Ok….You know growing up I watched Holmes. He was a great fighter. An ATG fighter if you’re being honest. It’s very hard to keep him out of the top 6 or 7 heavyweights ever. I think he not only matches up well with his numbers. 20 title defenses. He also looks the part head to head. But you know something…You have a point. 

There is a thing in this world called AGENDA DRIVERS. They pay to influence the narrative they want. At some point over the last few years, an agenda to make Holmes better than Ali started to arise. People started repeating this ridiculous term. "He was more skilled!!!!" 

I could care less who’s more skilled when I’m comparing results and production. Besides that, the more skilled fighter isn’t always the better fighter. Some fighters have other intangibles that allow them to WIN more and outperform more so called “skilled” fighters. And just because a fighter relies on his fundamentals more, it doesn’t mean he’s more skilled. It means his approach is different. 

Holmes actually tried to emulate Ali. He’s just not as graceful. Not as handsome. Not as athletic. Not as talented. So if he is more skilled so be it. While I have always respected Holmes, I never liked his comments about Ali, Tyson and Joe Louis. I’ve personally heard him call Ali overrated. I’ve heard him say he took it EASY on Ali. Watch their fight and tell me if you think he took it easy. No way he took it easy! And he's not supposed to, just don't lie about it. I’ve heard him downplay Tyson, who brutally KOd him. I’ve heard him say he would outbox Joe Louis. He has a right to his opinion. And he certainly walked the walk to a point where he can voice it. But I have a right to mine also, and I feel like everything you feel, you don’t have to say. 

Holmes comes across as a bitter person in my opinion because he down talks others to elevate himself. I guess if you say stuff for long enough, people will believe it....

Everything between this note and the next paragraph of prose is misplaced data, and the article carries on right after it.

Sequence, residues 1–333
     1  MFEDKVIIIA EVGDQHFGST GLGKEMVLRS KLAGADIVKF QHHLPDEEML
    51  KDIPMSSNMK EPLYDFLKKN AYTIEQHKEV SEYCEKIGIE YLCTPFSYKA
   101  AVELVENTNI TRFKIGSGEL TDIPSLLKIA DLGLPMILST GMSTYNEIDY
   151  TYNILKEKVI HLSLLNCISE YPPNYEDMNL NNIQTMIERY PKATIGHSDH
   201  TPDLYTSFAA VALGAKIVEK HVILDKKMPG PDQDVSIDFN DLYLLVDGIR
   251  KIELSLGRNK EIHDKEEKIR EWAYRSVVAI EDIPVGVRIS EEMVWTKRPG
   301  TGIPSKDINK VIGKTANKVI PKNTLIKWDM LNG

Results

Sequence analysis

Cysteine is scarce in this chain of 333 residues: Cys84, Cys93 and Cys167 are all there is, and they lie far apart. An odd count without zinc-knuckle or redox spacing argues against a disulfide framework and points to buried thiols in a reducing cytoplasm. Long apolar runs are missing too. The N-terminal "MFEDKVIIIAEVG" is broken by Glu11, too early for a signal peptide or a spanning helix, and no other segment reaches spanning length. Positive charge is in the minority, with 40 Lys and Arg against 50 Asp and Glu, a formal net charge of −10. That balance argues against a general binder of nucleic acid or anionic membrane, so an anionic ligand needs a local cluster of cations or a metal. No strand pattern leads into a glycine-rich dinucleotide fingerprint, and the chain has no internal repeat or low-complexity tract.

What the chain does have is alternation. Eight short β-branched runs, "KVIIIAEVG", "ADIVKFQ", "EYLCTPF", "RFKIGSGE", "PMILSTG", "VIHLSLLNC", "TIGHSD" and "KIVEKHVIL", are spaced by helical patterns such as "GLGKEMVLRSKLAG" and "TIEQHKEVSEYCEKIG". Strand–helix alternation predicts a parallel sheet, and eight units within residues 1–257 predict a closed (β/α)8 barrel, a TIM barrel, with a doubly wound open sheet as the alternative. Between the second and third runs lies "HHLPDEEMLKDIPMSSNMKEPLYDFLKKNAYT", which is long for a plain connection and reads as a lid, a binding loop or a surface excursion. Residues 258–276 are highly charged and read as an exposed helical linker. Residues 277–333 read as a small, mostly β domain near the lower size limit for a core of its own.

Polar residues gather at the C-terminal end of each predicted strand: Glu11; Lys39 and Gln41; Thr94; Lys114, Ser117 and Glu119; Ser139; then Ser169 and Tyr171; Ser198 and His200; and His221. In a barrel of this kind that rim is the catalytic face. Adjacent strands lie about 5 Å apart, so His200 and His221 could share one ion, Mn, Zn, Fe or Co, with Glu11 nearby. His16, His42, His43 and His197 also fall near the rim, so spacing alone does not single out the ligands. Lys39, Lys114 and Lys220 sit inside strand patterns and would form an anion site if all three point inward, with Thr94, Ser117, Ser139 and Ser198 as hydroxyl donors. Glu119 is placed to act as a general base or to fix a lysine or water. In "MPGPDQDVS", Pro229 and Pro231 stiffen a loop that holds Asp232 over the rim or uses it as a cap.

Holmes and Foreman are the same age but Foreman developed much faster being an Olympian. I don’t believe it was Holmes’s fault he didn’t fight Foreman in the 70s. Foreman left boxing in 1977 and didn’t return until 1987. But Foreman could have fought him in the 90s. I’m not sure why it didn’t happen, but boxing is funny. And I would bet some of Holmes’s past comments kept him from getting certain chances. Foreman is more beloved.

I also don’t fault Holmes for not fighting Frazier. Frazier was not viable by the time Holmes emerged. Frazier is more of a mid 60s to early 70s heavyweight. While Holmes is a late 70s to mid 80s heavyweight. I’m not talking so much when they turned pro or retired. I’m talking relevant periods.

But the 80s heavyweights of Page, Dokes, Thomas and Coetzee he could have fought at some point. While Holmes was consistent with 20 defenses in 7 years. And he did defeat many RING rated top 10 fighters, which is the standard for rating fighters in my opinion. Even over ex champions and HOF because the champions and HOF can be shot by the time you fight them. For example Cooney can say he beat a HOF in Norton but Norton was shot. Holmes beating Cooney in 1982 is more impressive than Cooney beating Norton in 1981…